In this age of personalization, a pitcher must be familiar with each journalist. Although this kind of information can be hard to come by, it’s important to try to find out what’s on a journalist’s plate, how he likes to receive pitches (email? tweet? text?), and what his hot buttons are.

Fred notes that it’s essential to read/watch/listen to what journalists report because you want to use that knowledge to engage them during your elevator pitch for your client. Services like TVEyes make it easy to pinpoint and view a particular reporter’s work. For example, a media pitcher can search TVEyes using relevant terms, enabling him to determine not only if a broadcast outlet covered a particular topic but also how specific journalists treated it. (Sign up for a free trial of TVEyes and see how it can make your next pitch stronger.)

And displaying to a journalist that you know what they’ve been reporting about demonstrates you’ve done your homework. It also strokes a reporter’s ego, which is not a bad thing to do.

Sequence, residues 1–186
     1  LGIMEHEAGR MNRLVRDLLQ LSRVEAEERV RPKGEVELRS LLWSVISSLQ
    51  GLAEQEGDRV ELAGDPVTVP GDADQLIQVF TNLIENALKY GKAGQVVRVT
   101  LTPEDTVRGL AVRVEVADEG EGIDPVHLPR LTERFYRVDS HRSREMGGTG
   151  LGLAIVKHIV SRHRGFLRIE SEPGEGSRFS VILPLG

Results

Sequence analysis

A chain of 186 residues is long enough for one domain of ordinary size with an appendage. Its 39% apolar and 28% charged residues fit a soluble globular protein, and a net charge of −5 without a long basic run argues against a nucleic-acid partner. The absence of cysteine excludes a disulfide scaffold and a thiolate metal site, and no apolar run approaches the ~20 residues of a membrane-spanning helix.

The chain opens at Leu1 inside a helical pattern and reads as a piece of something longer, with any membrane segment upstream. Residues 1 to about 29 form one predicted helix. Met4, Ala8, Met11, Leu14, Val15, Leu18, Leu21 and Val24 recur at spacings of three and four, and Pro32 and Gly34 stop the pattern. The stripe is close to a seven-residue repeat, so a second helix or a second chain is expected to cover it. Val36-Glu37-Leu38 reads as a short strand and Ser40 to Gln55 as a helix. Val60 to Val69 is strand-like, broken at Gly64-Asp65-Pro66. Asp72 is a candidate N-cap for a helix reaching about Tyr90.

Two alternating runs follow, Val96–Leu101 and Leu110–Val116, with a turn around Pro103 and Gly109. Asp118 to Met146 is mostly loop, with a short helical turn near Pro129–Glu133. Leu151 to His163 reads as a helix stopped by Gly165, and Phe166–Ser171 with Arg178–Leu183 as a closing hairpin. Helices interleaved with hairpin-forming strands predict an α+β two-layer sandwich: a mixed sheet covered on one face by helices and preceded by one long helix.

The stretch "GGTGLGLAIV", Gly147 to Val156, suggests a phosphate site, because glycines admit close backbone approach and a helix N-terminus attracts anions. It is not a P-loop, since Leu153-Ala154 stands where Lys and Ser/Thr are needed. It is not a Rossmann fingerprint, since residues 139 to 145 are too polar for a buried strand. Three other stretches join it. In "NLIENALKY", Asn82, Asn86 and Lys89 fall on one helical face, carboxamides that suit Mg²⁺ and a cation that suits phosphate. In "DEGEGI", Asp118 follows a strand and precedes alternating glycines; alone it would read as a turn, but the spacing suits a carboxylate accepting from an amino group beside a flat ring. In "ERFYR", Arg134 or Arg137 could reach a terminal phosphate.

Once you’ve identified the appropriate outlets and the right journalists and producers at each, you’ll need to work your media list progressively, customizing each pitch.

In working with broadcast media, the producer — or booker — is your target. They’re the ones who you have to “sell,” and, if they buy what you’re selling, they in turn will have to sell your story to their news editor and/or supervising producer.

An email pitch is usual and always includes a catchy subject line, an equally catchy lead, a few quick bullet points about the client’s news and how it relates to news of the day. The pitch also includes what the client (or expert) is available to comment on, where they are based geographically, relevant Youtube videos or podcasts, a bio brief, and a LinkedIn link. 

Many networks prefer live coverage, and because breaking news rules, they’ll tend to make decisions at the last minute. Producers gravitate to spokespeople who can come to the studio quickly, often at moment’s notice.

 It’s no secret: Pitching TV is not easy

Pitchers have a tough job. They have to educate clients that earned media do not live in the same world as marketers. This is important because many pitchers report to marketing VPs, who are not always cognizant of the difference. In the earned media world, you don’t get to make the rules — they do. This is a message that can take some clients a while to absorb. Some never get it.